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Vitamin B6

Vitamin B6 is a water-soluble vitamin that is naturally present in many foods, added to others, and available as a dietary supplement. It is absorbed in the jejunum. Vitamin B6 is the generic name for six compounds, that are collectively called vitamers. The six compounds include pyridoxine, pyridoxal, pyridoxamine and their respective 5’-phosphate esters. Pyridoxal-5-phosphate and pyridoxamine-5-phosphate are cofactors in more than 100 enzyme reactions. They are especially important in amino acid metabolism. Vitamin B6 also plays a role in cognitive development through the biosynthesis of neurotransmitters and in maintaining normal levels of homocysteine. Vitamin B6 is involved in gluconeogenesis and glycogenolysis, immune function, and hemoglobin formation.

Patients with end stage renal disease, those undergoing dialysis and renal transplant recipients often have low vitamin B6 concentrations. Rheumatoid arthritis is often associated with low B6 concentrations, possibly due to increased inflammatory cytokines. Patients with celiac disease, Crohn’s disease, ulcerative colitis, inflammatory bowel disease, and other malabsorptive autoimmune disorders tend to have low plasma pyridoxal-5-phosphate concentrations. People with alcoholism tend to have low levels.

Some antiepileptic drugs, including valproic acid (Depakene®, Stavzor®), carbamazepine (Carbatrol®, Epitol®, Tegretol®, and others), and phenytoin (Dilantin®) increase the catabolism rate of vitamin B6 vitamers, resulting in low plasma PLP concentrations. Other medications that may reduce the levels of vitamin B6 include: cycloserine, isoniazid, hydralazine, penicillamine, theophylline, pyrazinamide, levodopa, and carbidopa.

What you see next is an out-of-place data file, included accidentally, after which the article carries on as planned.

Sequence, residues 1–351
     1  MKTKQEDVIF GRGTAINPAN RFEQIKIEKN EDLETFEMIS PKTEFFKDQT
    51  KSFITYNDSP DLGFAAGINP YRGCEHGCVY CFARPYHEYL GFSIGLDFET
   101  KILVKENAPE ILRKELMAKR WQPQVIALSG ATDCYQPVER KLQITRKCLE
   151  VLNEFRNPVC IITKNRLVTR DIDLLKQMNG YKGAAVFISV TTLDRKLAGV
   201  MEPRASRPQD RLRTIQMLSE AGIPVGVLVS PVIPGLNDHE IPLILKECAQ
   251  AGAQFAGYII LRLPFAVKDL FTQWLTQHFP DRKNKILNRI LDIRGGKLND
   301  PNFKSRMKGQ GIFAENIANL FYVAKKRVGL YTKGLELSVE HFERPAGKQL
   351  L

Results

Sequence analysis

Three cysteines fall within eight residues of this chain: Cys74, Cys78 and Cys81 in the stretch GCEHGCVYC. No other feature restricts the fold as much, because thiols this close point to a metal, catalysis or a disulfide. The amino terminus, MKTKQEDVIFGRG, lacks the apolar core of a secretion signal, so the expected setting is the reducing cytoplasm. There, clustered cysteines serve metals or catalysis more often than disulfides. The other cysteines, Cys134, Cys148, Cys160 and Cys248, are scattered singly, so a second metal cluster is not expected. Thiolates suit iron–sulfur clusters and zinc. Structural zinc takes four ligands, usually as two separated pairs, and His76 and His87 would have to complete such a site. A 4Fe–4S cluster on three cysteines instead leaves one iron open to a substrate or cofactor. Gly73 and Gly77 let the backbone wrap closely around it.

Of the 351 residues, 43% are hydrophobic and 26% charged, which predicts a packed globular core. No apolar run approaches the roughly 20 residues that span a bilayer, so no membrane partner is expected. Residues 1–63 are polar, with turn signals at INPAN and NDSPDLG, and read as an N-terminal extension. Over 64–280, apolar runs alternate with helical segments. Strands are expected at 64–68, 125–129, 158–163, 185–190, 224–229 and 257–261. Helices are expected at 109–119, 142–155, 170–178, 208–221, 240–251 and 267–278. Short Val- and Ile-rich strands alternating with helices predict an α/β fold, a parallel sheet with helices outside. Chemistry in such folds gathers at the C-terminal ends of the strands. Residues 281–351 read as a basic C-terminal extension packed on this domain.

The primary reason for ordering vitamin B6 is to diagnose pyridoxine deficiency, which has been associated with microcytic hypochromic anemia, dermatitis, neuritis, stomatitis and cheliosis. Chronic B6 deficiency can lead to secondary hyperoxaluria and an increased risk of kidney stones. Chronic B6 deficiency has also been associated with nerve compression disorders such as carpal tunnel and tarsal tunnel syndromes, but this relationship is controversial.

Markedly elevated levels of pyridoxal-5-phosphate are observed in hypophosphatasia, a disorder characterized by skeletal deformaties and llow alkaline phosphatase levels. High levels are also detected in patients taking megadoses of pyridoxine (>2g per day). Megadose therapy may cause peripheral neuropathy.

Pyridoxal-5-phosphate is the vitamer that is measured in serum or plasma to determine vitamin B6 level. Reference range is 5 to 50 ug/L. The Food and Nutrition Board at the Institute of Medicine of the National Academies used a plasma pyridoxal-5-phosphate level of 5 ug/L (20 nmol/L) as the major indicator of adequacy to calculate the Recommended Dietary Allowances (RDAs) for adults.

Specimen requirement is one red top or green top tube of blood.

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